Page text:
## 6. Conclusions

## Author Contributions

## Funding

## Acknowledgments

## Conflicts of Interest

## References

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**Figure 2.**Experimental and Numerical Results for test case 1: (

**a**) Free surface profile; (

**b**) Boussinesq term versus distance.

**Figure 3.**Experimental and Numerical Results for test case 2: (

**a**) Free surface profile; (

**b**) Boussinesq term versus distance.

**Figure 4.**Experimental and Numerical Results for test case 3: (

**a**) Free surface profile; (

**b**) Boussinesq term versus distance.

**Figure 5.**Experimental and Numerical Results for test case 4: (

**a**) Free surface profile; (

**b**) Boussinesq term versus distance.

**Figure 6.**Experimental and Numerical Results for test case 5: (

**a**) Free surface profile; (

**b**) Boussinesq term versus distance.

**Figure 7.**Experimental and Numerical Results for test case 6: (

**a**) Free surface profile; (

**b**) Boussinesq term versus distance.

**Figure 8.**Variation of the mean velocity alongside the channel: (

**a**) for test case 1; (

**b**) for test case 6.

**Figure 9.**Evolution of the convergence criteria: (

**a**) for test case 2 with Dissipative scheme with Boussinesq terms; (

**b**) for test case 5 with MacCormack scheme without Boussinesq terms.

**Figure 10.**Temporal evolution of jump formation for test case 3 using the Dissipative two-four scheme including the Boussinesq terms.

**Figure 11.**Temporal evolution of jump formation for test case 4 using the Dissipative two-four scheme including the Boussinesq terms.

**Figure 12.**Dimensionless free surface elevation for 2 m wide channel: (

**a**) for Fr = 2; (

**b**) for Fr = 4; (

**c**) for Fr = 6; (

**d**) temporal evolution of the jump for Fr = 4.

**Figure 13.**Dimensionless free surface elevation for 5 m wide channel: (

**a**) for Fr = 2; (

**b**) for Fr = 4; (

**c**) for Fr = 6.

Test Case/Experiment | q (L/s/m) | Fr | h_{up} (m) | h_{do} (m) |
---|---|---|---|---|

1 | 24.28 | 2.44 | 0.0217 | 0.0682 |

2 | 54.32 | 3.06 | 0.0319 | 0.1335 |

3 | 24.28 | 3.40 | 0.0174 | 0.0735 |

4 | 28.72 | 4.03 | 0.0174 | 0.0788 |

5 | 28.72 | 4.48 | 0.0162 | 0.0906 |

6 | 21.72 | 5.38 | 0.0119 | 0.0895 |

Test Case | Numerical Scheme | Iterations | Maximum Mass Conservation Error (%) |
---|---|---|---|

1 | Dissipative with Boussinesq terms | 3099 | 0.39 |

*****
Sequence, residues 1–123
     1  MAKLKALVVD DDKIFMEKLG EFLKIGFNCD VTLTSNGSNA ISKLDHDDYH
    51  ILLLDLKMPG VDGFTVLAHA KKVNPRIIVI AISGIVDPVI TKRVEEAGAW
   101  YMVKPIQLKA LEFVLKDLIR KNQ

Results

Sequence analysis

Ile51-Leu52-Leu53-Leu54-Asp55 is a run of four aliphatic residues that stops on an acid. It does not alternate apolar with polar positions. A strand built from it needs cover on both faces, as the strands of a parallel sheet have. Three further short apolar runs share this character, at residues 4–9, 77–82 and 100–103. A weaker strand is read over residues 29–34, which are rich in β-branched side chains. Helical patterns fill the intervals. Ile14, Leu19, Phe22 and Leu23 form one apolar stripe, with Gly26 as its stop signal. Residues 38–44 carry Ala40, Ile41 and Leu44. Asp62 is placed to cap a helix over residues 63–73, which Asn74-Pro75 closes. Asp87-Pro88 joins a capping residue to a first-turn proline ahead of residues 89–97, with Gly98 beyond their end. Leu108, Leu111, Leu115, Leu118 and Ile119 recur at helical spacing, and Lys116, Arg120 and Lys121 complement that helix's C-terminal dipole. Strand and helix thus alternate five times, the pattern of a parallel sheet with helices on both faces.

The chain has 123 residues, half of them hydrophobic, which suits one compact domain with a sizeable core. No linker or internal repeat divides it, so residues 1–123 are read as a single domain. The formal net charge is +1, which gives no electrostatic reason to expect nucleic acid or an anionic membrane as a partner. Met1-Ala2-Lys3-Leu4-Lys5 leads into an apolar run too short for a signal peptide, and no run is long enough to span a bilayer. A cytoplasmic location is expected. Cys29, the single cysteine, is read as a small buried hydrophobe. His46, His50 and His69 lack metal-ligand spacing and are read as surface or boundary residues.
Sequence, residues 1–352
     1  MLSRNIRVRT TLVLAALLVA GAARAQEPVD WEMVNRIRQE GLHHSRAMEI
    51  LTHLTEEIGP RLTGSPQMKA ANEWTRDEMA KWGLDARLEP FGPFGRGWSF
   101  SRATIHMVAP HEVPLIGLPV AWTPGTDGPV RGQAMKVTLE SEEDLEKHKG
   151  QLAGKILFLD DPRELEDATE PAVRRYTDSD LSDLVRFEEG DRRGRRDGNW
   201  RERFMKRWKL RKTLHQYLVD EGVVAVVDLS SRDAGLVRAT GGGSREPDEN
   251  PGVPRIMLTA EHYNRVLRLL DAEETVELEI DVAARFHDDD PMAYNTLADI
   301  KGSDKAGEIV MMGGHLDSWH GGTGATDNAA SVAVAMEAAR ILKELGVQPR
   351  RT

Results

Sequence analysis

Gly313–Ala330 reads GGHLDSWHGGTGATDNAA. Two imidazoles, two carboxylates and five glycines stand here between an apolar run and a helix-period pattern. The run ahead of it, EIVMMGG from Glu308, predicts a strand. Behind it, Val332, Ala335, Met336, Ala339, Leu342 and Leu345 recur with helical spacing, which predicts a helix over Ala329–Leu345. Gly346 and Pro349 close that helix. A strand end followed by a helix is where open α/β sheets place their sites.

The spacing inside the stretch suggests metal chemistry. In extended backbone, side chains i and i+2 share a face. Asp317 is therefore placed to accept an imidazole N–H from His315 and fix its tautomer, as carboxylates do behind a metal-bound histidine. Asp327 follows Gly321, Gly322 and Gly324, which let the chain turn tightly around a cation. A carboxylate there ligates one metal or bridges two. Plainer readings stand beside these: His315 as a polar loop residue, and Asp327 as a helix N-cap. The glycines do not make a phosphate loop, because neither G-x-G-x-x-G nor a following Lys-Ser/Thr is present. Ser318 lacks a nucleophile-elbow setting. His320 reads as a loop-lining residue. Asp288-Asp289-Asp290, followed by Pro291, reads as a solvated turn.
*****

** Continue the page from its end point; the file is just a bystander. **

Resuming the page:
Dissipative without Boussinesq terms | 3098 | 0.39 | |

MacCormack without Boussinesq terms | 3722 | 2.79 | |

2 | Dissipative with Boussinesq terms | 946 | 0.72 |

Dissipative without Boussinesq terms | 946 | 0.73 | |

MacCormack without Boussinesq terms | 1243 | 2.77 | |

3 | Dissipative with Boussinesq terms | 3375 | 0.55 |

Dissipative without Boussinesq terms | 3146 | 0.55 | |

MacCormack without Boussinesq terms | 3173 | 2.86 | |

4 | Dissipative with Boussinesq terms | 2296 | 0.78 |

Dissipative without Boussinesq terms | 1807 | 0.79 | |

MacCormack without Boussinesq terms | 2219 | 2.81 | |

5 | Dissipative with Boussinesq terms | 2218 | 0.93 |

Dissipative without Boussinesq terms | 2217 | 0.92 | |

MacCormack without Boussinesq terms | 2164 | 2.95 | |

6 | Dissipative with Boussinesq terms | 2874 | 1.08 |

Dissipative without Boussinesq terms | 2873 | 1.09 | |

MacCormack without Boussinesq terms | 2603 | 3.02 |

Fr | Scheme | Lj_{computed} (m) | Lj_{experimental} (m) | % Difference |
---|---|---|---|---|

2 | Dissipative with Boussinesq terms | 10.12 | 8.81 | 14.86 |

Dissipative without Boussinesq terms | 10.12 | 9.51 | 6.41 | |

4 | Dissipative with Boussinesq terms | 15.74 | 13.14 | 19.79 |

Dissipative without Boussinesq terms | 12.36 | 14.47 | −14.58 | |

6 | Dissipative with Boussinesq terms | 26.47 | 15.07 | 75.65 |

Dissipative without Boussinesq terms | 8.99 | 17.03 | −47.21 |

Fr | Scheme | Lj_{computed} (m) | Lj_{experimental} (m) | % Difference |
---|---|---|---|---|

2 | Dissipative with Boussinesq terms | 7.59 | 7.02 | 8.11 |

Dissipative without Boussinesq terms | 7.59 | 7.56 | 0.40 | |

4 | Dissipative with Boussinesq terms | 8.99 | 8.41 | 6.90 |

Dissipative without Boussinesq terms | 7.87 | 9.69 | −18.78 | |

6 | Dissipative with Boussinesq terms | 9.18 | 10.74 | −14.52 |

Dissipative without Boussinesq terms | 6.74 | 12.74 | −47.10 |

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**MDPI and ACS Style**

Retsinis, E.; Papanicolaou, P.
Numerical and Experimental Study of Classical Hydraulic Jump. *Water* **2020**, *12*, 1766.
https://doi.org/10.3390/w12061766

**AMA Style**

Retsinis E, Papanicolaou P.
Numerical and Experimental Study of Classical Hydraulic Jump. *Water*. 2020; 12(6):1766.
https://doi.org/10.3390/w12061766

**Chicago/Turabian Style**

Retsinis, Eugene, and Panayiotis Papanicolaou.
2020. "Numerical and Experimental Study of Classical Hydraulic Jump" *Water* 12, no. 6: 1766.
https://doi.org/10.3390/w12061766